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How the Low FODMAP Diet Changed My Life

The elimination diet that got my digestion — and life — back on track.
A low-FODMAP diet approved pumpkin and sesame seed crusted salmon.
A low-FODMAP diet approved pumpkin and sesame seed crusted salmon.Kate Scarlata/For a Digestive Peace of Mind

For as long as I can remember, I’ve had “tummy troubles.” Now, let’s be honest. Digestive distress isn’t something fun to bring up at a dinner party or on a date. If you suffer from stomach problems like me, you’ve probably spent most of your life trying to hide it.

As a child, I can remember waiting in the ladies room until I had to go on stage at dance recitals. High school track and field practices were interrupted by perpetual runs to the locker room. My childhood best friend knows just about every public restroom in the western (and now eastern) United States. Bless her!

'We all poop, we all bloat, we all have diarrhea. It will only become less stigmatized if we become more open about it.'

Kate Scarlata

While my stomach problems were always embarrassing, things became unbearable when I moved to New York City and started a “big girl” job. I had always worked, but for the first time in my life, I couldn’t run to the bathroom. I had meetings, deadlines and responsibilities — and recurrent toilet timeouts were not on the schedule.

When winter arrived, the severity of my symptoms worsened. If you’ve ever experienced an East Coast winter, you know it’s not exactly the time to be surviving on saltines and Pepto-Bismol. Marching to work in frigid weather requires stamina, and I found myself tolerating less and less food. Some days I could barely eat at all, and I’m a girl who likes her food!

As life became less tolerable, and WebMD self-diagnosis only led to neurosis, I finally sought help from a gastroenterologist. My doctor quickly diagnosed IBS, or Irritable Bowel Syndrome. The name was gross and the symptoms grosser, but sadly, they fit the bill: diarrhea, constipation, bloating, indigestion and nausea.

Say it with me, FODMAP (pronounced FAWD-MAP)

According to the National Institute of Diabetes and Digestive and Kidney Diseases, IBS affects about 10-15 percent of adults in the U.S. Of those, only five percent have received a formal diagnosis.

So, I wasn’t alone. But what now?

My doctor had good and bad news. The good? IBS is increasingly treatable with dietary regulation. The bad? There really is no “cure” for the syndrome. It’s all about maintenance. Sigh.

Just before the winter holiday, I visited a nutritionist. I knew I needed to change my diet, but I needed specifics. She explained that a new diet was taking the digestive world by storm (no pun intended) and it had a funny name. As I sat in her office on the verge of tears, I learned for the first time about the Low FODMAP Diet.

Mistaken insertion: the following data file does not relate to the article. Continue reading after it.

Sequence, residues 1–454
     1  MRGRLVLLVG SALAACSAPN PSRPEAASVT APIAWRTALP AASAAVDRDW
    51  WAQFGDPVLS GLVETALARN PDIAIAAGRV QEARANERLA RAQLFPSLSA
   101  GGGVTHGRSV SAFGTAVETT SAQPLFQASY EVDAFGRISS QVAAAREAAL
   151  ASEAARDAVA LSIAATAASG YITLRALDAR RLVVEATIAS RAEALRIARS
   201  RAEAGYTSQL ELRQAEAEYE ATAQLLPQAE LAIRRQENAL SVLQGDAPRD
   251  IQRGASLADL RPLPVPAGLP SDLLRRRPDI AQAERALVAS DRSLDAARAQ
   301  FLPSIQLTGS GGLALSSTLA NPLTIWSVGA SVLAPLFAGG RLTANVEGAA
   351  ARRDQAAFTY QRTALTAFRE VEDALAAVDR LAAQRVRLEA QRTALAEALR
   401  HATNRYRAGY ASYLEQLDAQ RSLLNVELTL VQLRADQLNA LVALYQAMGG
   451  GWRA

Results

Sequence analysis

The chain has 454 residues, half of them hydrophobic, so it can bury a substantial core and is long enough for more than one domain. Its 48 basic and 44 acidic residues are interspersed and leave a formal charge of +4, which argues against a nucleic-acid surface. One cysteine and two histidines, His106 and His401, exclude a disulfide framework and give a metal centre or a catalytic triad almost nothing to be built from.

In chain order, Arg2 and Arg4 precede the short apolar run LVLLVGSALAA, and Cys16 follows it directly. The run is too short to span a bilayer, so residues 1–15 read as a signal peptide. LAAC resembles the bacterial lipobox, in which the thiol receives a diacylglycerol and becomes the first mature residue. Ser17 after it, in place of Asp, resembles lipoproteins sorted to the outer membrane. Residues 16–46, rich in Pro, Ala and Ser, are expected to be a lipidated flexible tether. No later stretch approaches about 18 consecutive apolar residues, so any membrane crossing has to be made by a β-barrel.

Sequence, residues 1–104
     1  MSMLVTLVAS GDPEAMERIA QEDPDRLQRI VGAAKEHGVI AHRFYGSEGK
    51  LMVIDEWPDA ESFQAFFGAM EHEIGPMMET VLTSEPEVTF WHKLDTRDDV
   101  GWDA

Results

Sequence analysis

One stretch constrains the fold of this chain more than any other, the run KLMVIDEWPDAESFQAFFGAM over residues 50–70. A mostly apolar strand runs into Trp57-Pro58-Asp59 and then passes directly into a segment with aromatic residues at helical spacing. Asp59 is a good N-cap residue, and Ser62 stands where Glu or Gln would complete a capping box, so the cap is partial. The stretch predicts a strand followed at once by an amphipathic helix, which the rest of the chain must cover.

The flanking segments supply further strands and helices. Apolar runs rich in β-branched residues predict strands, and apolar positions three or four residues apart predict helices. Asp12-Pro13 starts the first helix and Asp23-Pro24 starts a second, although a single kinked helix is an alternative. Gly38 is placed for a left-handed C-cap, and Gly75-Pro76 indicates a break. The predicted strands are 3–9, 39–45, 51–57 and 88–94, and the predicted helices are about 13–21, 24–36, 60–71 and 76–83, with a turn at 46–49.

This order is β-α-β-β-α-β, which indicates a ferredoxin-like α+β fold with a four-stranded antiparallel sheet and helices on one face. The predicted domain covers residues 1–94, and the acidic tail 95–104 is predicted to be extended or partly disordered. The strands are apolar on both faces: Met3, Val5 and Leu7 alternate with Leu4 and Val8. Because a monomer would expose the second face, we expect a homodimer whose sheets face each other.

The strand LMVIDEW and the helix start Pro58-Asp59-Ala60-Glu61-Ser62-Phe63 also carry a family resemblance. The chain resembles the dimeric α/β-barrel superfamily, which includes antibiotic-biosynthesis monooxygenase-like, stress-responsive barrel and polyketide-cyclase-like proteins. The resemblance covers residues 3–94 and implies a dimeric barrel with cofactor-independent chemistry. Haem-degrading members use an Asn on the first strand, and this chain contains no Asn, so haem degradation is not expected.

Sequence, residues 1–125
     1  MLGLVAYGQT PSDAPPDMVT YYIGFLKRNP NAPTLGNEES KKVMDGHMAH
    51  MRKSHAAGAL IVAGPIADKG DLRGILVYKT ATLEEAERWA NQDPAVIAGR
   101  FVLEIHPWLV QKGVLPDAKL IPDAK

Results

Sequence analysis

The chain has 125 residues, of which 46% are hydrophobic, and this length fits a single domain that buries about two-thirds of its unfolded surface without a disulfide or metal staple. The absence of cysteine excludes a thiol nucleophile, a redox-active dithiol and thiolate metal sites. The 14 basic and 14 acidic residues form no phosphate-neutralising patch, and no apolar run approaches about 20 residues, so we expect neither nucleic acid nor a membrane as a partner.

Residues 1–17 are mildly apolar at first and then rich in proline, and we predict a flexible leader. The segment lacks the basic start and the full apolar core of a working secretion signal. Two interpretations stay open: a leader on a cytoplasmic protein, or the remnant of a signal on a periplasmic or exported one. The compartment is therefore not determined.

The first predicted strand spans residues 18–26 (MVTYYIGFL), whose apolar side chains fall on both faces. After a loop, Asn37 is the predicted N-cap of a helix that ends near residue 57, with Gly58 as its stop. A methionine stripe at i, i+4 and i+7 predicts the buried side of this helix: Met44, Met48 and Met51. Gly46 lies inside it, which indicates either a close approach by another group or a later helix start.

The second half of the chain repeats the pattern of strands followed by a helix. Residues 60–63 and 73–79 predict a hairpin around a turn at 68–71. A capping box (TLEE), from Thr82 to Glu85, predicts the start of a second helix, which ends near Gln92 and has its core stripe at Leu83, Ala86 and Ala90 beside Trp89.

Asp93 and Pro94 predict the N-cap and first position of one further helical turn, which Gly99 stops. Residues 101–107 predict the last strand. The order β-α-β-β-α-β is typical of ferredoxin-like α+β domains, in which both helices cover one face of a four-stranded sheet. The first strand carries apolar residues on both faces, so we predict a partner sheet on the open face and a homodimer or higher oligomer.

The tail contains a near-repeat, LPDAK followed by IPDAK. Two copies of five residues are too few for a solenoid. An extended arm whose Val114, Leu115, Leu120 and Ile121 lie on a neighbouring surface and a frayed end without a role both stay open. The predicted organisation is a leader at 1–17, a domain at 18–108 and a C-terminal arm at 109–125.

The Low FODMAP diet was developed by Monash University researchers in Melbourne, Australia about ten years ago. It is a relatively new way to regulate digestive distress through a three-step elimination, integration and maintenance system.

“So let’s start with the term FODMAP. When we talk about what is a FODMAP, it really is a group of small-chain carbohydrates that are commonly mal-absorbed,” Kate Scarlata, a registered dietitian, low FODMAP educator, author and blogger told NBC BETTER.

FODMAP stands for Fermentable, Oligo-Saccharides, Disaccharides, Mono-saccharides and Polyols. It’s a lot to digest, I know. Stay with me here.

The diet is a way to regulate digestive distress through a three-step process: elimination, integration and maintenance.

Basically, FODMAPS are carbohydrates that draw water into the gut and give us those not-so-friendly tummy symptoms. The Low FODMAP diet is a three-phase diet wherein a patient eliminates “high FODMAP” foods and then slowly works them back in to determine what’s bearable for the gut, and give it an all-encompassing chance to heal.

Dr. Peter Gibson led the research team at Monash University in Melbourne to develop the Low FODMAP diet. His team began testing foods to find gut-irritating commonalities. In the past, IBS had been treated to no avail. But Gibson was determined to find a way for patients to know just what their stomachs could, and mostly could not, tolerate.